May 25, 2020
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Swallowing Ape Serum

Ajit Varki, Director, Glycobiology Research Center, University of California, Berkeley

Swallowing Ape Serum
Swallowing Ape Serum
You’re free to admire the dedication of scientists like Ajit Varki but you can’t help but be a little unnerved as well. After all, here’s a man who was so intent on understanding the fundamental difference between humans and primates that he actually drank ape serum. Squeezed it out of some animal tissue, mixed it up with fruit juice (we recommend orange) and downed it. Well, counters the biologist from San Diego, "Who else would do it?" Now that’s passion.

When the results came in, the 50-year-old Varki discovered, with some shock, that the simian substance—a sugar known as sialic acid—had permanently entered his system. With one swig, the scientist had undone millions of years of human evolution. "I ran into the fact that humans were missing one type of sialic acid," says Varki, who initially trained to be a physician before settling into research. "It’s because humans are mutants. We have a genetic defect. Somewhere along the course of human evolution, we lost the ability to make this sialic acid."

But the real impact, for now, lies elsewhere. Aside from helping us better understand what makes us human, the Varki lab (he runs the lab with his pathologist wife, Nissi, currently in India) has shed light on a relatively new branch of science. "You always hear about RNA and DNA and you think that’s all there is to biology," says Varki. "But every cell is covered with a thick coat of sugars which nobody’s paid attention to. It’s like the icing on the cake. That field was kind of left behind because it was technically difficult to study. But now it has a name: glycobiology."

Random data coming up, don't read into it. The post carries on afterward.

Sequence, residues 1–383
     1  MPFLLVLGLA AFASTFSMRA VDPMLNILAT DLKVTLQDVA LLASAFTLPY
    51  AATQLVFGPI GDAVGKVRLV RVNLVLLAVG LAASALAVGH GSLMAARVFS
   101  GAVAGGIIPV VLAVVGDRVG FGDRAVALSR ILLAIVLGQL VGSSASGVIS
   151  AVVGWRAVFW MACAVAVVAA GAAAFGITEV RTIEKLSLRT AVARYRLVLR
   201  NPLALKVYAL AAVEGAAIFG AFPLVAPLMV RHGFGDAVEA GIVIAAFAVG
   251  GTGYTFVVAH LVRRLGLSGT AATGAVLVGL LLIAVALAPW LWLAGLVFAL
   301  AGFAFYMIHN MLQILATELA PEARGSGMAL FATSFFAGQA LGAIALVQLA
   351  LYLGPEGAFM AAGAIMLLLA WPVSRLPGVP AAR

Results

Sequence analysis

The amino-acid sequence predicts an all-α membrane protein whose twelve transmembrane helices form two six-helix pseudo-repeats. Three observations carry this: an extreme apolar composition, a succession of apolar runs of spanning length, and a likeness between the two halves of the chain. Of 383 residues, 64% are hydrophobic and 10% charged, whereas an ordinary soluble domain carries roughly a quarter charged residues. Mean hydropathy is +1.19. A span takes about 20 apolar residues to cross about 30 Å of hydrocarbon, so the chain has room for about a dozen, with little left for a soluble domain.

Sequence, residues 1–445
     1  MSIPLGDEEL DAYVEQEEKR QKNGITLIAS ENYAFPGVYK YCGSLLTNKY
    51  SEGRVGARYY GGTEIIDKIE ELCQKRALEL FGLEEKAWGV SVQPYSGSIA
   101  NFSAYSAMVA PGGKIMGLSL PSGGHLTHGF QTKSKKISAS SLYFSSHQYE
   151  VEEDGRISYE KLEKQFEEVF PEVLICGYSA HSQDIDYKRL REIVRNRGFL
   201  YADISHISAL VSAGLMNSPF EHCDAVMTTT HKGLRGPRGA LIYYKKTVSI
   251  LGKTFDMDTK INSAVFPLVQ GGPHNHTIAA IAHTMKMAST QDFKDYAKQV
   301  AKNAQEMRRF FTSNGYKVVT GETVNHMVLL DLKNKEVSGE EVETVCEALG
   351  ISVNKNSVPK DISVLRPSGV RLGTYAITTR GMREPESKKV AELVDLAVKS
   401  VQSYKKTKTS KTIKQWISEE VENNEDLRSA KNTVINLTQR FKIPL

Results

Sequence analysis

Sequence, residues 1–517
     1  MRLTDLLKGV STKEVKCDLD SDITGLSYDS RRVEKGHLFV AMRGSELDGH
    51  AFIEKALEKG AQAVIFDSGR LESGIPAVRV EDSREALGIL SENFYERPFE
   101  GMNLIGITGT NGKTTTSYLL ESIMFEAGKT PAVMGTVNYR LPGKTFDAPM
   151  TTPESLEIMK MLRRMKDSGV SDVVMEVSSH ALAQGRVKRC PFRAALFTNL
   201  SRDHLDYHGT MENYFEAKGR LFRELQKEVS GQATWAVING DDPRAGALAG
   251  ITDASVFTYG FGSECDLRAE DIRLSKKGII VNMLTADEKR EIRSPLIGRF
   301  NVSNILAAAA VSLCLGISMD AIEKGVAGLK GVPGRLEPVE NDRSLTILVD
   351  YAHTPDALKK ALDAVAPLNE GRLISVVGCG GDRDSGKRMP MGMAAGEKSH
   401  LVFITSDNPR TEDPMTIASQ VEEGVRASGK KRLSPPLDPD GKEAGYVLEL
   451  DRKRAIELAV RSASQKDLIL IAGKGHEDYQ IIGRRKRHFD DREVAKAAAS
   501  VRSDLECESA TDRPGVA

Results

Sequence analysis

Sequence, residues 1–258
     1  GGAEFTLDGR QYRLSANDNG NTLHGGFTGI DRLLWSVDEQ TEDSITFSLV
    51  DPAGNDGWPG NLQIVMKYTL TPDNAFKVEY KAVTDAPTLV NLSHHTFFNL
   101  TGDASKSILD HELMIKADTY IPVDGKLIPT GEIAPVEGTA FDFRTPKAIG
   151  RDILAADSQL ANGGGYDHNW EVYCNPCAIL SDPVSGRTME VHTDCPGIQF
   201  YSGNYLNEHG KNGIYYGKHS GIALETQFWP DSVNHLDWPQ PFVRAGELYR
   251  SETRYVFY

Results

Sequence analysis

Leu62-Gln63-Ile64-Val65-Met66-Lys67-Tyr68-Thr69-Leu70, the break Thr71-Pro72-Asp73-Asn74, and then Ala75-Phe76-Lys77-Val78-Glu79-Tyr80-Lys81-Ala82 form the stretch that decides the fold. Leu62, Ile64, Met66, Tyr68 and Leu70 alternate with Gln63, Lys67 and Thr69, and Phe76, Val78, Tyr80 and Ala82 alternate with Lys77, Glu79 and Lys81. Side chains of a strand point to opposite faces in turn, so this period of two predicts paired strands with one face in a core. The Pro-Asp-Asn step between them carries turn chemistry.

Sugars play a major role in the spread of several diseases. Viruses for the common cold and the flu bind to sialic acid and some cancers have their own sialic acid which they use to spread through the body. But the kind of sialic acid Varki consumed is what we lack. Cows, pigs, dogs and apes have plenty of this sialic acid but in their brains and in extremely low levels. This suggests that by its absence it played a role in human brain evolution.

Varki received his medical training at the Christian Medical College (CMC) in Vellore, which is where he met Nissi. He pursued post-graduate work in haematology at Washington University, St Louis, before settling down at the University of California at San Diego. There, he serves as the director of the Glycobiology Research and Training Center. In recent years, he’s served as the president of the Society for Glycobiology and editor-in-chief of the Journal of Clinical Investigation. He’s also received awards from the National Institute of Health and the American Cancer Society.

For alma mater CMC, he has helped establish an alumni group which, apart from raising an endowment for research, has organised two upcoming symposiums, one on cellular and molecular biology and a later one on neurological sciences. "My most precious thing is my time," says Varki. "By giving back and spending my time I think I’m contributing something very important to me."
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